Via ReliefWeb, a report from the Emergency Telecommunications Cluster: How the Internet is Helping Prevent the Spread of Disease in Tacloban. Excerpt:
Emergencies are a breeding ground for disease. Aside from the immediate destructive effects of earthquakes, conflict, tsunamis, or in the case of the Philippines, typhoons, local populations are often subject to devastating outbreaks of typhoid, cholera and other infectious diseases brought about by the collapse of infrastructure and utilities and cramped, unsanitary living conditions.
In Tacloban, the Emergency Telecommunications Cluster (ETC) is providing the Department of Health (DoH) and the World Health Organization (WHO) with internet connectivity precisely to stop this from happening.
"We needed Wi-Fi because every evening we report to the Department of Health from hospitals across the Municipality," says Michel Tomaszek, Logistician with WHO. "We have many people in the field who communicate with us via SMS which gives us information about the outbreak of diseases such as malaria or dengue fever. We transfer data to Manila who then send us technical advice."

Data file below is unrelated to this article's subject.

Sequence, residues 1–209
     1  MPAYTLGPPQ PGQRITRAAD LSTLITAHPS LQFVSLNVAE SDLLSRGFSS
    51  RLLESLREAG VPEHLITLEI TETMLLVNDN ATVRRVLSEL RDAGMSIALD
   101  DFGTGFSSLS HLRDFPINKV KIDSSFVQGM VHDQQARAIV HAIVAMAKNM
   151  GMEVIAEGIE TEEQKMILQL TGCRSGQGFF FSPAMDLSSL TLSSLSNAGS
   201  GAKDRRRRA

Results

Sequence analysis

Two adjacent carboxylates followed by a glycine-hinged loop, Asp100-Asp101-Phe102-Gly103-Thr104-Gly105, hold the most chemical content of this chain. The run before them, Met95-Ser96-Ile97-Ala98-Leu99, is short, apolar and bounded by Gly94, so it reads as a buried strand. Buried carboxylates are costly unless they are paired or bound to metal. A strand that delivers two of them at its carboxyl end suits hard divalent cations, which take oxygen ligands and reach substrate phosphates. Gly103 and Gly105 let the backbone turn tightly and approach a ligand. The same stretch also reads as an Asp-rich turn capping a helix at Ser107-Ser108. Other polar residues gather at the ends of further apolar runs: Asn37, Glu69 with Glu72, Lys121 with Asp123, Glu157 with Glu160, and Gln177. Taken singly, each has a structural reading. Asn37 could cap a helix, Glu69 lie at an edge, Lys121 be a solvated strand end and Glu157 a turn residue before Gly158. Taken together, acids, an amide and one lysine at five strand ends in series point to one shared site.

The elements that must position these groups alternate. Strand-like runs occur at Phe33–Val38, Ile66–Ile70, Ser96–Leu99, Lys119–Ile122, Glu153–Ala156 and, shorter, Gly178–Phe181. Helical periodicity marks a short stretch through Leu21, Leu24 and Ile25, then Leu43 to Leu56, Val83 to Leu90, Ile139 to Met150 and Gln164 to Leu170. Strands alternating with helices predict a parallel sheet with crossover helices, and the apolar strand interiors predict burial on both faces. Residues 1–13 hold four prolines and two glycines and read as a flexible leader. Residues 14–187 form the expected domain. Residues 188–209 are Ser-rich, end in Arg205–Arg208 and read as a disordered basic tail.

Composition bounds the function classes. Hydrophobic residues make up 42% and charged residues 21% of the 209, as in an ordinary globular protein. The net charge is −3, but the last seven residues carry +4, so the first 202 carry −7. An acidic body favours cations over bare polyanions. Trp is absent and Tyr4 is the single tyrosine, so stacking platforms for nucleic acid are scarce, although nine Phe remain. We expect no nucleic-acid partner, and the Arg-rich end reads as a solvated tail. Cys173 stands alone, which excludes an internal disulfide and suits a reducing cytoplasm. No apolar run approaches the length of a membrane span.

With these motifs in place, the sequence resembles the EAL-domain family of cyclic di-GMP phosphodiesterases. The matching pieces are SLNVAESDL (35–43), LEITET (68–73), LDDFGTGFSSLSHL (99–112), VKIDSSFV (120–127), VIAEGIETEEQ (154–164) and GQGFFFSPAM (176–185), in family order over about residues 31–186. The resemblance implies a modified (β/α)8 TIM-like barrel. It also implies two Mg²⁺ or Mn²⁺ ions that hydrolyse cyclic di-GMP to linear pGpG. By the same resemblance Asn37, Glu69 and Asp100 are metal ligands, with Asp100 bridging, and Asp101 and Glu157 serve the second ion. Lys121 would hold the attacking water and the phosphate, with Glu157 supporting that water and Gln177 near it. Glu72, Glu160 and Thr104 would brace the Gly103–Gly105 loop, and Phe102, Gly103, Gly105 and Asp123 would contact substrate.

According to Boyd Roderick Cerro, Epidemiology Nurse for the DoH in Tacloban, Leyte province has already seen outbreaks of diarrhoea, measles and hepatitis A. Fast communication of information is essential for effective response.
"Before we had access to the internet we were crippled," says Boyd. "It is important so we can respond immediately to local needs. We need to receive health reports of disease in hospitals, municipalities and provinces."
Before the ETC hooked them up to the internet, WHO and the DoH would "send a car everywhere" to gather information. An arduous process "which took a long time," says Michel.
The ETC installed an Omni-Directional Access Point which receives internet connectivity via a microwave link from the ETC office in downtown Tacloban.
"The internet makes our work much easier and much more efficient," says Boyd who can now keep tabs on "the number of health incidents so we can detect epidemics." If a spike is detected, teams are sent out to collect samples which are then "sent to the lab for cultures, isolation and tests." Once confirmed, response teams are sent to treat patients and contain an outbreak.